Here's the first non sequitur: The prohibition cites as its reason for existence reports of gang members wearing rosaries as
Here's the second non-sequitur: From the mere fact that a gang member wears a rosary, it does not follow that he's wearing it as jewelry. The prohibition as written actually allows rosary-wearing gang members an out. All they have to say is,
Here's the obduracy: there are several similar cases in which other School Districts used their dress codes to ban rosary-wearing. However, when the School Districts were accused of violating the First Amendment, and taken to Federal court, or if such legal action was threatened, the School Districts backed down and rescinded that part of the dress code.
For instance, the Schenectady City School District (NY) permanently suspended student Raymond Hosier for wearing a rosary. Hosier's parents sought legal assistance, and a suit was filed in Federal District Court. A Federal Judge issued restraining orders against the School District, after which (according to Bob Unruh at World Net Daily) the District eventually dropped the rosary-wearing prohibition from its dress code, but continued to harrass the student nontheless. (Unruh)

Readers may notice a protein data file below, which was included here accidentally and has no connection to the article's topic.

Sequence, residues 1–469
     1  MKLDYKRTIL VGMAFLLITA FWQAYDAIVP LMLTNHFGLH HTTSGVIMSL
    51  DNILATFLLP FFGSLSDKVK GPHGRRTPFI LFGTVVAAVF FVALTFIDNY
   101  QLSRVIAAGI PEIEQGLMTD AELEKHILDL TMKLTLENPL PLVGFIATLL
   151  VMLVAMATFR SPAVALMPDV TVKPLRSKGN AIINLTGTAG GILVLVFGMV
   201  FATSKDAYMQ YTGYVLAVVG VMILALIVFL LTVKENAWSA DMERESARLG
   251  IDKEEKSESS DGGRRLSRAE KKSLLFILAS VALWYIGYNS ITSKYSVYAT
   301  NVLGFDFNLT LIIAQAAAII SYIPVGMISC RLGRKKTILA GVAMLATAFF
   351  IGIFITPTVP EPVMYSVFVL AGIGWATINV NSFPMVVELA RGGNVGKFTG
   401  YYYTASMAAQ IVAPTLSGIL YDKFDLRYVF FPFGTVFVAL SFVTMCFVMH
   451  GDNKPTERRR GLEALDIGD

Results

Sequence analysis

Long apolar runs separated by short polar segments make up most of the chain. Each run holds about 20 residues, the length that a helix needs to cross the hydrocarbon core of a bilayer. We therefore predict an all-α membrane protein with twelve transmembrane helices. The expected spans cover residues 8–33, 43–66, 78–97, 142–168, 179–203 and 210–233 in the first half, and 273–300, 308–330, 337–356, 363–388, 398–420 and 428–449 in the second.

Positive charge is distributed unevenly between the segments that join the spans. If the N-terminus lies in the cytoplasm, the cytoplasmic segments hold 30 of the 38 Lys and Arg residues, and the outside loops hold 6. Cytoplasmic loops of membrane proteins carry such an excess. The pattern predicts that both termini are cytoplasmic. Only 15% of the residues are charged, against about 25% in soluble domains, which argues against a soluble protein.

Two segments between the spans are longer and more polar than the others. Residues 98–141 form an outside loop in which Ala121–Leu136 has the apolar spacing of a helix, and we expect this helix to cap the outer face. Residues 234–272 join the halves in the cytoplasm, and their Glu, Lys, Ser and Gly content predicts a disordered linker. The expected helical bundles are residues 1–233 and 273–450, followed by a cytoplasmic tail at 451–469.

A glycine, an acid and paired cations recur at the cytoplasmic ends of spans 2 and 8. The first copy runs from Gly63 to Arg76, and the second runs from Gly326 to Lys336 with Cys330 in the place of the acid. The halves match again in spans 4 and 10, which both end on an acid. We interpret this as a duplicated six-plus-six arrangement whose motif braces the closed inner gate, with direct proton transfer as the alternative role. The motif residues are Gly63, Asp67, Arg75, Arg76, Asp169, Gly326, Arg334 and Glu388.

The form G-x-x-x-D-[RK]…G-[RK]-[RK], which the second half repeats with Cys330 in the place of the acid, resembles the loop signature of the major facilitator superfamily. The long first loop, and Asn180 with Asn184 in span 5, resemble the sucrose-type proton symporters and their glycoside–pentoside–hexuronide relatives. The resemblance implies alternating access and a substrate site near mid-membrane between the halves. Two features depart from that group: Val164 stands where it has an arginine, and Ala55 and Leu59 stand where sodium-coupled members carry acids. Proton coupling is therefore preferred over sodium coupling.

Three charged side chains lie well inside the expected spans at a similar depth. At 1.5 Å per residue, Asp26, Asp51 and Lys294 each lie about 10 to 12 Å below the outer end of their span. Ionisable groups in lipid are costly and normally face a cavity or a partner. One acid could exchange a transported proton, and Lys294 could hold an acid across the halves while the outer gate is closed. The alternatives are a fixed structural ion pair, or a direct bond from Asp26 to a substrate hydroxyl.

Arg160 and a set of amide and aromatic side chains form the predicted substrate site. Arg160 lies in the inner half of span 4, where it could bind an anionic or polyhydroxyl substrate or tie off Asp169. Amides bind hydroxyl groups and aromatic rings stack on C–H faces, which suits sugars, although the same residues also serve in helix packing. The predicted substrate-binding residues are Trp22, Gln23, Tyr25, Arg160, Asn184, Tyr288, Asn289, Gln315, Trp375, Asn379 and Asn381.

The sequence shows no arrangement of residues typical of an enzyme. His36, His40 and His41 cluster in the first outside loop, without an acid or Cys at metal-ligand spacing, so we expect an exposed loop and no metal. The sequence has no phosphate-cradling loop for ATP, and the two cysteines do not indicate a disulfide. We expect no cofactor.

The Administration of School District 11's Horace Mann Middle School in Colorado told students this:
A student objected to the prohibition, however, and upon threat of a Federal lawsuit, the District dropped the prohibition.
In Texas, middle school student Jonae Devlin was suspended for wearing a rosary. The Daily Mail quoted her mother:
It is apparent that School Districts are simply not on firm legal ground in these prohibitions. Yet the Fremont School District obdurately pursues another one.
In its defense, the Fremont School District (according to ketv.com) portrays itself as observant of free expression:
The District has a problem with students wearing rosaries, but not with students wearing any other religious symbols or clothing. Also, in the above statement, there is a subtle but significant change of wording. In the actual dress code, the rosary is called a rosary worn
The District's prohibition violates the First Amendment in way that singles out the Catholic Faith and rosary-wearers for discrimination. At the same time, it technically does not prohibit gang members from wearing rosaries as gang symbols.
As for myself, I wonder if it is not enough for Church-State separation fanatics to stop at the removal of Christian symbols from publically-held properties. I wonder if they want to prohibit us from displaying Christian symbols on our own persons as well. I wonder if they are targeting kids first, because kids have fewer options and fewer defenses than adults.